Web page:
Experts slam controversial new viral ‘cure-all’ TikTok trend, The Lion Diet

Home Health Experts slam controversial new viral ‘cure-all’ TikTok trend, The Lion Diet
Experts slam controversial new viral ‘cure-all’ TikTok trend, The Lion Diet

A new health trend is taking off on TikTok dubbed “The Lion Diet” – but experts are warning against the “extreme” plan.

The Lion Diet bills itself as “a healing elimination diet” and consists of eating nothing but meat, salt and water for 30 days.

While people have been raving about its “benefits” online, claiming it helps with allergies, headaches, bad skin and balancing moods, experts have urged caution stating there’s “no scientific evidence” behind claims a meat-only diet is healthy.

The Australian Heart Foundation advises Australians should limit red meat consumption to 350 grams of unprocessed beef, pork, lamb or veal each week – which totals around one to three meals.

It also states this should be eaten together with vegetables and wholegrains.

More specific advice on “The Lion Diet” itself has recently emerged overseas, with experts labelling it “unsustainable, unhealthy, ineffective, overly restrictive and extreme”, the New York Post reports.

“The Lion Diet eliminates all foods except salt, water, and meat from ruminant animals,” researchers at Healthline said.

“In addition to being high in saturated fat, it’s unsustainable and likely to lead to nutritional deficiencies.”

It added that as well as “being potentially very unhealthy, the Lion Diet is difficult to follow and unsustainable in the long term”.

But the warnings haven’t stopped Aussies from giving the controversial diet a crack – including Brisbane man Rory who has been documenting his experience testing the questionable diet to see if it helped with his long list of allergies.

The social media user, who goes by the handle @roryskitchen, said he was trying the diet for 30 days to find out three things: If he can heal his health issues; what would happen to his body; and what his poop would be like.

Rory – who has 220,900 TikTok followers and 2.8 million likes – is currently on day 23 of the strict meal plan which involves him eating grass-fed mince cooked in broth seasoned with nothing but salt on a daily basis.

When he first started the carnivorous diet, he claimed to have had the “best night of sleep” – but started feeling unwell shortly after.

As the diet progressed, he said his skin started to look better, his sinuses started clearing up and he had more “regular” bowel movements.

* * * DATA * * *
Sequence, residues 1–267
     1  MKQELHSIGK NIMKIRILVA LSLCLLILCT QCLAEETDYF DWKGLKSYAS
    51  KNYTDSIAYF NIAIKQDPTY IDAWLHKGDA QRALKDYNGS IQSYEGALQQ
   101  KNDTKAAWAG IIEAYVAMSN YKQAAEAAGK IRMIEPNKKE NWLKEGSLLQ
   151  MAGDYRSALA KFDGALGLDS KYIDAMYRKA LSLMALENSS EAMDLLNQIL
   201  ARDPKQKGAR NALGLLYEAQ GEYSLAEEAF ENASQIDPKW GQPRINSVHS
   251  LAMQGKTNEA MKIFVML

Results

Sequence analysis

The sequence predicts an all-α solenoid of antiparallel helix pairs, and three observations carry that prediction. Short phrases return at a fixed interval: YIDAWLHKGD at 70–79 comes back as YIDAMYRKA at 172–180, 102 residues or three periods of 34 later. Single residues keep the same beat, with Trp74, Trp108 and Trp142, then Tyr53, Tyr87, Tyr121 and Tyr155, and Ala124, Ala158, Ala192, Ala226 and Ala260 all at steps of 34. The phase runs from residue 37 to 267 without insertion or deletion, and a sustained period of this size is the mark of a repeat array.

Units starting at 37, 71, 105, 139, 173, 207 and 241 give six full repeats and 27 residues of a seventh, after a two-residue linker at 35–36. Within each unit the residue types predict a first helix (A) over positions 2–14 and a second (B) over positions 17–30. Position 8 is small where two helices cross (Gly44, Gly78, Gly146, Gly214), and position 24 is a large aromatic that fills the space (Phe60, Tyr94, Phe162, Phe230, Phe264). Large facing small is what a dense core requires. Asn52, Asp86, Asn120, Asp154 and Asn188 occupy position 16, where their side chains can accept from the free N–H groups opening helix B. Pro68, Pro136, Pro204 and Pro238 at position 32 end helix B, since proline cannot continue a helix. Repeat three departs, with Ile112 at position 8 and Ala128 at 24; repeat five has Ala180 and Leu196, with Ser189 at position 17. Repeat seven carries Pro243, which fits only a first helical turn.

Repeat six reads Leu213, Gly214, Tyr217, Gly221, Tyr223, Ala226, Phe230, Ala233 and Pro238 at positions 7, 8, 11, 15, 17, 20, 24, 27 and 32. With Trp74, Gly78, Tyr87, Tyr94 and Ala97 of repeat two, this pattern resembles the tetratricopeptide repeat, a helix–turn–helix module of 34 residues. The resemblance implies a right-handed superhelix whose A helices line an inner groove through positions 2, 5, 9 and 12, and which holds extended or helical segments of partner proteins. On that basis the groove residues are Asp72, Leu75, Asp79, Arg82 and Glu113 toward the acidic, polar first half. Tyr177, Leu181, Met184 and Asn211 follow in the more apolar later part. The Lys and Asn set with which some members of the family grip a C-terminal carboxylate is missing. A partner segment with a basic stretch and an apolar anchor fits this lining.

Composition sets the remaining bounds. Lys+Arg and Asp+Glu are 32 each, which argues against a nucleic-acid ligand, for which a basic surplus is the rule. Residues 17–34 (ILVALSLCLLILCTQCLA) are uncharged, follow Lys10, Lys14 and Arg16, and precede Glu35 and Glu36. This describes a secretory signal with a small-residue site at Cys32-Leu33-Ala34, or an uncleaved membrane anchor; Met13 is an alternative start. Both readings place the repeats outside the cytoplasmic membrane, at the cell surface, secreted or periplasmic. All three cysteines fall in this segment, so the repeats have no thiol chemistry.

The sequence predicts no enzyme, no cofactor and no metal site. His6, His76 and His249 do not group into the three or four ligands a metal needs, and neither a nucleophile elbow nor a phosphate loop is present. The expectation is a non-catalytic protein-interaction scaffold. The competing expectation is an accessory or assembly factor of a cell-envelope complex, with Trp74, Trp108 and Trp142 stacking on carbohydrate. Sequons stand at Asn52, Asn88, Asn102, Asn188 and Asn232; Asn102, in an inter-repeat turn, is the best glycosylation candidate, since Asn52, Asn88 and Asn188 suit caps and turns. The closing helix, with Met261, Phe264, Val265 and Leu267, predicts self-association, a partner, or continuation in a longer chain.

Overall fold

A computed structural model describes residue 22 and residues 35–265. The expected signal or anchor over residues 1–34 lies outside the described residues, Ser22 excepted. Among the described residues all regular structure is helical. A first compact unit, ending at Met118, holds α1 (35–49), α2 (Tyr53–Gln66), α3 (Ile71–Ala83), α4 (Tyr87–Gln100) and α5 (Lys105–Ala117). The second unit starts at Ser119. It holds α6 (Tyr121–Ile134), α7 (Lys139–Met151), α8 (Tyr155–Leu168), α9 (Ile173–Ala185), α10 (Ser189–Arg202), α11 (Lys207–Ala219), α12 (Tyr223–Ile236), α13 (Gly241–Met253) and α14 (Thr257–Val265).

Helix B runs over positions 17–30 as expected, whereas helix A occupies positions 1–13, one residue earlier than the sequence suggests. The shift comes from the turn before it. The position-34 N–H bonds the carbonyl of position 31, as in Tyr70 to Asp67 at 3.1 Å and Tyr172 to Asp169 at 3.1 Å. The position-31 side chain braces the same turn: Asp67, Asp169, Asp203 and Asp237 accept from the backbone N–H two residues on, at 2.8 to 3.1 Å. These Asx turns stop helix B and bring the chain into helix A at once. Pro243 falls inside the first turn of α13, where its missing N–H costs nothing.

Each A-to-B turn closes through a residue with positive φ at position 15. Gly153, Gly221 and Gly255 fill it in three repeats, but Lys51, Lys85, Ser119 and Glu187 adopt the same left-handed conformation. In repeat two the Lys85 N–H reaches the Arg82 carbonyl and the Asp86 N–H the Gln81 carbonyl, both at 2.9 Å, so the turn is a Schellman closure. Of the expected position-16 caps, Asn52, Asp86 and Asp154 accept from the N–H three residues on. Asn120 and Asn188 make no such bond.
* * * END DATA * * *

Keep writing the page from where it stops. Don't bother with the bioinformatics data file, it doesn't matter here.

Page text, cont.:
He decided to embark on the challenge after seeing other TikTok users claiming the “The Lion Diet” – which podcaster Mikhaila Peterson boasts she created – had helped them in a variety of ways.

Peterson describes it as a “cure-all” after stating switching to the “ultimate elimination diet” helped her overcome an array of health issues she’d had since childhood.

The diet is very similar to the Carnivore Diet, which permits you to consume only animal products like meat, fish, and poultry.

However, the Lion Diet is “even more restrictive, allowing only foods from certain types of animals along with water and salt”, according to Heathline.

Peterson, 28, claims it “sustains your body’s nutritional needs” by “eliminating all other dietary variables, allowing you to thrive” in a post on her website.

Prior to cutting out virtually everything from her diet, Peterson was chronically ill until she was 23.

Her health battle began at the age of just two when she developed juvenile rheumatoid arthritis. This wasn’t diagnosed until five years later which resulted in her being placed on immune suppressants after being officially diagnosed.

Age 12, Peterson was diagnosed with severe depression and medicated with SSRIs (selective serotonin reuptake inhibitors) – a medication she later suffered withdrawal from.

Two years later, she started itching all over her body which was eventually diagnosed as chronic fatigue.

When she was 15, Peterson had hip and ankle joint replacements due to her arthritis. She was in chronic pain for 10 years from the ankle replacement and spent a year on OxyContin post-surgery and had an “unpleasant” withdrawal.

When she was 21, she was diagnosed with Idiopathic Hypersomnia (chronic fatigue).

It was only when she developed a rash associated with Coeliac disease she decided to turn to a change in diet to help her problems.

She started with what nowadays would be similar to a restrictive paleo diet and eventually made her way to an all-meat diet.

“My brain and gut were so damaged that an all-beef or ruminant meat (like lamb and bison) diet, what I call the Lion Diet, was all I could tolerate,” she wrote on her website.

Peterson has been on the diet for five years, is now “healthy” and hopes to show people that “they can improve their life themselves”.

She later gave a Ted Talk on the topic but the global media platform refused to post the footage online.

Peterson performed the speech at an independently organised TEDx event in California during which she acknowledged her proof is purely anecdotal.

“I’ve been talking about this diet to spread awareness in hopes that the medical community can take something like this seriously,” she explained.

“[It] would be really cool … if the medical community could take this seriously and do some case studies. That’s it.”

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